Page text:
Another intervention is the use of positive words.

“That’s about deliberately at handover saying something positive about every patient,” Dr Hamilton says.

“That’s important because quite often a lot of problem-focused things get said at handover and to some extent that can set up a sort of low expectation or an expectation of difficulty with a particular patient.

“So encouraging people to say positive things about the patients again is geared towards this idea of helping nurses not to be over sensitised in advance to be expecting conflict but to see what’s going well for that person…and so nurses will go out of handover feeling more positive about the people that they are going to interact with.”

Another intervention, discharge messages, harnesses the power of patients to have a beneficial impact on other patients.

Mental health wards participating in the trial will have a message board, often in the form of a tree on the wall, that enables the patient being discharged to write an encouraging message, such as on a leaf, for the person who comes into their ward or their room.

“When people are feeling a bit hopeless that leads to them feeling more inclined to act badly or to come into conflict with staff,” Dr Hamilton says.

“To have the support of other consumers and to have the encouragement from other people who’ve been there really helps.”

After the Safewards implementation phase, the trial will be evaluated with feedback sought from both nurses and patients.

Dr Hamilton says one of the key indicators of the success of the model will be whether the use of seclusion and restraints has been reduced.

“That’s a goal that everybody is committed to these days and appreciates that wherever possible we don’t want to do these coercive, heavy-handed things,” she says.

“We’re really hoping that we will see a statistically significant difference in those services after the Safewards implementations.”

With its focus on reducing conflict events, such as absconding, self-harm, verbal or physical aggression, Safewards is designed to create a safer working environment for nurses.

Dr Hamilton says there’s ample evidence that shows if nurses do their job well and patients feel less agitated, mental health wards can be safer for everyone.

“Sometimes there’s been concerns that if you don’t lock people up in seclusion that that makes it less safe for nurses but there’s not really a lot of evidence to support that,” she says.

“Generally if people do good preventative things and if they are in some ways encouraged by their organisation to invest time in setting up good alliances with patients and taking care of patients at this point of conflict, then overall it goes better for everyone.”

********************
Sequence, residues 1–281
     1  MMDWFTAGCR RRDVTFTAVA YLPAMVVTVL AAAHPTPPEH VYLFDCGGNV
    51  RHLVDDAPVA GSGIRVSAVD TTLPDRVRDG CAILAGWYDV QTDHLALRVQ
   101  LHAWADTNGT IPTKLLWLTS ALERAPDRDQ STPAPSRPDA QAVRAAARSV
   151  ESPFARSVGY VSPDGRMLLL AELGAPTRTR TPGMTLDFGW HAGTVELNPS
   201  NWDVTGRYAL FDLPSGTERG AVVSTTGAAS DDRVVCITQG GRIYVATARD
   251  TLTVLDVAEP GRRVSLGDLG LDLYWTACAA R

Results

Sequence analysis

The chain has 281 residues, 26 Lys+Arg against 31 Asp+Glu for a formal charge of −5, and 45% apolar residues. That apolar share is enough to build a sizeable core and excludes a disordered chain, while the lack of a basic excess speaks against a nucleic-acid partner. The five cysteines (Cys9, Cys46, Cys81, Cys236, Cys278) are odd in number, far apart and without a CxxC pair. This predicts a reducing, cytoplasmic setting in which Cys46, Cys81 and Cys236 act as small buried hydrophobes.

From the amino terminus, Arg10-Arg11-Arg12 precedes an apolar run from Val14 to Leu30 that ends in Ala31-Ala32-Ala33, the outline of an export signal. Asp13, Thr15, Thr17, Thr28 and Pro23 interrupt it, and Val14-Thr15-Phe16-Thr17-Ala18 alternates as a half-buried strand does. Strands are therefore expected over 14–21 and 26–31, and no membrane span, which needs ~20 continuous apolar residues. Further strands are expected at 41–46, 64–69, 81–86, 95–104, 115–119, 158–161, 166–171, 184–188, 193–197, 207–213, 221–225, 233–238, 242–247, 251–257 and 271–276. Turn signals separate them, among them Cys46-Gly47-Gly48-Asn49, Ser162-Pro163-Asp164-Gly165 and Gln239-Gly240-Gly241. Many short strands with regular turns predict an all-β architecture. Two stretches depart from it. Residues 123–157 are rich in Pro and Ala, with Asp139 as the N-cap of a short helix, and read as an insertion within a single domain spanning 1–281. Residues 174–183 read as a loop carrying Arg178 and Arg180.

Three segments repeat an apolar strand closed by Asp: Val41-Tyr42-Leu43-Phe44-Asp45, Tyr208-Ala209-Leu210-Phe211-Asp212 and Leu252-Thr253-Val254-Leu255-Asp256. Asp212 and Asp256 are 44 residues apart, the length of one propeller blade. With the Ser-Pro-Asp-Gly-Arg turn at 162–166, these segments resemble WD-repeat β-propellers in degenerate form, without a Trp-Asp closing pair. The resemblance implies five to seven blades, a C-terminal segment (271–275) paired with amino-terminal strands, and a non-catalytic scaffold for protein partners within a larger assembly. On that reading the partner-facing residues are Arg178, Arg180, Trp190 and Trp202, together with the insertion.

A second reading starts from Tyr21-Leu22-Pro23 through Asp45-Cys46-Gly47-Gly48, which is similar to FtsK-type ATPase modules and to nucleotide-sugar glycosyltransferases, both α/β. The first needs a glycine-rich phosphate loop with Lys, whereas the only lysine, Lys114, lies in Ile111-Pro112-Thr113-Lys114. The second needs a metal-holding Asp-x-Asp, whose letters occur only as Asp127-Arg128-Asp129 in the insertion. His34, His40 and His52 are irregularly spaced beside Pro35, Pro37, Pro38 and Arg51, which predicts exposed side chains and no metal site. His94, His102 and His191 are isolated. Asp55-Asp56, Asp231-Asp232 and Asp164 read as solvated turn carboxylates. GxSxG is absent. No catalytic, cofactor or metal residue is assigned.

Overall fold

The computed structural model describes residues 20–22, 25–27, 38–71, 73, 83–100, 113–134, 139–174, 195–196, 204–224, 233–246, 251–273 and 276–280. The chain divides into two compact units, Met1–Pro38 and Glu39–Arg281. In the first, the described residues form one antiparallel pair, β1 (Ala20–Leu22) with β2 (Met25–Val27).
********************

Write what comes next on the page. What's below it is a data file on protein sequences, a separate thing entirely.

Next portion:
Dr Hamilton says the Victorian Safewards trial has the potential to revolutionise mental health care for both patients and nurses in Australia.

“Nurses often have these other things that they’re supposed to be doing - arranging various rosters or organising - there’s a lot of instrumental things that nurses are doing to try and maintain a routine in a ward,” she says.

“Part of why Safewards has been so warmly received by nurses in the trial is that nurses do recognise that it’s about nursing and this is quite an easy fit for them.

“Safewards has so many concrete things that can add up to an experience for consumers that they are being treated more as an individual, and their individual needs are more respected,” she says.

“I’m keen on Safewards - this is a model that really operationalises good practice and that’s really helpful for everyone.”


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Karen Keast

Karen Keast is a freelance health journalist who writes news and feature articles for HealthTimes.

Karen regularly writes for some of Australia’s leading health news websites and magazines.  In a media career spanning 20 years, Karen has worked as a senior journalist in newspapers and television. She has covered the grind of daily news and worked as a politics reporter at countless state and federal elections.

Since venturing into freelance writing five years ago, Karen has found her niche in writing about the health sector for editors, businesses and corporations.

Karen has interviewed the heads of peak health organisations in Australia and overseas, and written hundreds of news and feature articles covering the dedicated work of health professionals who tread the corridors of hospitals and health services, universities, aged care facilities and practices, day in and day out.

Follow Karen Keast on Twitter @stylemywords